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Groundbreaking for Loveman Village redevelopment expected in weeks, say housing officials

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By Erica Wright
The Birmingham Times

The long-awaited groundbreaking for redevelopment of the 61-year-old Loveman Village in Birmingham’s Titusville neighborhood is expected in weeks, housing officials announced on Wednesday.

The Housing Authority of the Birmingham District (HABD) along with Hollyhand Development LLC and the City of Birmingham provided a status update on the project that has been in the works for two and half years and secured with $17 million from the Alabama Housing Finance Authority.

Michael Lundy, president and CEO of HABD, said 500 units in Loveman Village will be transformed into modern, less dense living space with 164 units on site and 120 units off site.

There are currently 246 renters left out of 500 at Loveman Village.

HABD social workers have already begun working with families who will move to make way for site demolition and the new living area.

All of the changes are designed to help residents become self-sufficient, Lundy said.

“We have a robust community engagement department,” Lundy said, “. . . that means we work with our residents and create a case management model that we link them to services so that within five years they become self-sufficient. One of the things we have to do as public housing officials is break the cycle of generational poverty and generational public housing. We’re doing that here in Loveman Village.”

Under the HABD plan, known as the Family Self-Sufficiency program, participants sign a five-year contract to identify their educational, personal and professional goals.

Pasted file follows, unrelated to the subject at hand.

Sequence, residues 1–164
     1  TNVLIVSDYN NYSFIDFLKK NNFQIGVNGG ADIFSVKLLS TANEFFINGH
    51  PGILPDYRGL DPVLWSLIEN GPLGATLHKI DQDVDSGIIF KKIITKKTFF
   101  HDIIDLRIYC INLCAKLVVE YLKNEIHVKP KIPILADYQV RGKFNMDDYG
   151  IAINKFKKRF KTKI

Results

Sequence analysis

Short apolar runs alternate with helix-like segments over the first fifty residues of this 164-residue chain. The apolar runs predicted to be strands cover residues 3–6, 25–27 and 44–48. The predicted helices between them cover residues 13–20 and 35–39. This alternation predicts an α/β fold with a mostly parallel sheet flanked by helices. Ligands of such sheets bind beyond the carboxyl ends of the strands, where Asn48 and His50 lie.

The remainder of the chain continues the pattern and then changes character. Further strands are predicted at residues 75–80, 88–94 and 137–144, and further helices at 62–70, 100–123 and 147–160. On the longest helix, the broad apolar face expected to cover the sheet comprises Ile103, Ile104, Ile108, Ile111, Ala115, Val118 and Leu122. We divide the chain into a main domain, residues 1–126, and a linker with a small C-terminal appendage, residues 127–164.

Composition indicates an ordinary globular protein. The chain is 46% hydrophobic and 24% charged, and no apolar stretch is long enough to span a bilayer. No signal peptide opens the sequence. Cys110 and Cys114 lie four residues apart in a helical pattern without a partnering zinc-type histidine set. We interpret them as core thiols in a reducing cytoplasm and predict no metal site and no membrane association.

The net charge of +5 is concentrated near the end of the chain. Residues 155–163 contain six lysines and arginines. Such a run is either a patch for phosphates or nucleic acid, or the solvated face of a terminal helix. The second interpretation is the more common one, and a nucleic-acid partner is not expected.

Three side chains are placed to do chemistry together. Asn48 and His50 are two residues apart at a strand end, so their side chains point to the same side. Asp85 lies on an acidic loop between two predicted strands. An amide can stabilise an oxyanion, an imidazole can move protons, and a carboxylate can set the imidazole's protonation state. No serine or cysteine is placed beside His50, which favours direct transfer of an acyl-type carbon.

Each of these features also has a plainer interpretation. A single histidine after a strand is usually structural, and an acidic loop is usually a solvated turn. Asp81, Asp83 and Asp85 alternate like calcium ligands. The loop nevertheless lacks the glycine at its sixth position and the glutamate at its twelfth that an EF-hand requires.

Mayor William Bell, during update on redevelopment in Loveman Village. (Erica Wright/The Birmingham Times).

Birmingham City Councilwoman, Sheila Tyson, said she was excited what the project will do for District 6 and the North Titusville neighborhood.

“We need to provide more opportunities. That’s what this program will do,” Tyson said. “It will provide more opportunities for people to advance their education, workforce development, and daycare, things that the community needs to advance and things that people need to build themselves up.”

Tyson also spoke of plans for a better grocery store and recreation in the community as well.

Mayor William Bell thanked HABD, developers, the U.S. Department of Housing and Urban Development and others for help in transforming Loveman Village.

The mayor spoke of hope.

“…it’s not just redeveloping the physical structure of Loveman Village, but working with us to redevelop the future plans of the citizens in this community and to give them hope, just as my great grandmother had hope that she could live in a better place,” said Bell. “Just as the families who lived here during the 60s, 70s, 80s, 90s, and 2000s came here because they couldn’t go anywhere else, but we want to give them that hope again, that they can live in decent housing.

“We all must stay focused and stay committed to giving the residents of Loveman Village a new facility that they can be proud of,” he said. “A new hope that they can dream of and a new reality that they can be a part of a better life.”